Works an `internal and external view of life'

Artist Eion Shanks with some of his recent paintings. PHOTO: SUPPLIED
Artist Eion Shanks with some of his recent paintings. PHOTO: SUPPLIED
After a long break away from painting, Eion Shanks has taken up the brush again and is working prolifically. He talks to Rebecca Fox.

Having decided on a new direction in life, Eion Shanks put down the paint brush.

The Dunedin School of Art, Oamaru Campus, graduate was working as a stonemason in Wanaka and painting in the afternoons when he decided to follow his interest in acupuncture and the philosophy behind it and train in that field.

Shanks discovered that acupuncture was creative in its own way and his need to paint diminished.

``There are a lot of similarities to art.''

Once he completed his training in Christchurch and Auckland, Shanks moved to Oamaru to build a house on Cape Wanbrow above the town. It was while there that he began painting again, capturing the landscape of the Cape Wanbrow area.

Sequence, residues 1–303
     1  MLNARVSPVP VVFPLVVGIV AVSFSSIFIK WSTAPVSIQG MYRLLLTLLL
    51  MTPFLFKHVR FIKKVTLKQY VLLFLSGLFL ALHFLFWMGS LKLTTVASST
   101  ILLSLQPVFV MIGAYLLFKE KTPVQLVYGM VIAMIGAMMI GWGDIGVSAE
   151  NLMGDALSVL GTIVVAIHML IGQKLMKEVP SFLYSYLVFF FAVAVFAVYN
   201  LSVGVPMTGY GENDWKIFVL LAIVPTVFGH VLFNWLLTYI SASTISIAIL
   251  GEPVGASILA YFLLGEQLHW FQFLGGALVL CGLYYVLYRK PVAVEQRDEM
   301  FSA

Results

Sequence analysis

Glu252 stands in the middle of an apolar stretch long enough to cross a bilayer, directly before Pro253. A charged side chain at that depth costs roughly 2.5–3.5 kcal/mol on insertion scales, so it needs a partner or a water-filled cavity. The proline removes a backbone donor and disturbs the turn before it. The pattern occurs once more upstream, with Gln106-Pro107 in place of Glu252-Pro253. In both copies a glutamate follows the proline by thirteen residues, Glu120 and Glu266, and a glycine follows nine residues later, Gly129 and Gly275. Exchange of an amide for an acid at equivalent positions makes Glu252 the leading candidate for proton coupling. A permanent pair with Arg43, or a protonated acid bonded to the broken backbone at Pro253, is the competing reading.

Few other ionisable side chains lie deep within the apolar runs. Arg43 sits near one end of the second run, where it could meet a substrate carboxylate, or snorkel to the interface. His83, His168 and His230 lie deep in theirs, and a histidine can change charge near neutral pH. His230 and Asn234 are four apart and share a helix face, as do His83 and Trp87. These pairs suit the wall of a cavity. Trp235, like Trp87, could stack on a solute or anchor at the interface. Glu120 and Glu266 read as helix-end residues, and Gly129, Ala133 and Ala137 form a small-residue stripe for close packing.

When he realised how prolific he was, he began to think he needed to get word out that he was painting again.

``I'm hoping the painting will support the acupuncture.''

Fresh from an exhibition at Oamaru's Forester Gallery, Shanks is about to hold another in Wanaka, ``The New and Aforementioned Show'', which will feature new works as well as Wanaka landscapes completed prior to many of the town's new sub-divisions.

Shanks says his style has not changed - he still paints mostly on plywood with a palette knife - despite his time away.

``I find the natural surface of the woodgrain energetic and inspiring. I also paint and draw on paper and make etchings [prints].

He sometimes use images from his etchings in his paintings.

``My paintings are essentially landscapes painted en plein air, or studio-created images from dreams about my life. Or a combination of both.''

His time away from painting has resulted in it taking longer for him to complete a work.

``But that could be an age thing,'' Shanks, who was born in 1960, says.

He still liked to include a structure in his landscape paintings, so many of his new works of Cape Wanbrow included its old military bunkers.

``I'm spending more time on the drawing and then painting in the detail.''

Shanks describes his work as ``internal and external view of life''.

``[They] are either stolen or enticed out to show themselves from their place of hiding. They are my journey as I see it.''


To see

‘‘The New And Aforementioned Show’’, Rippon Hall Art Space, April 29 to May 31.

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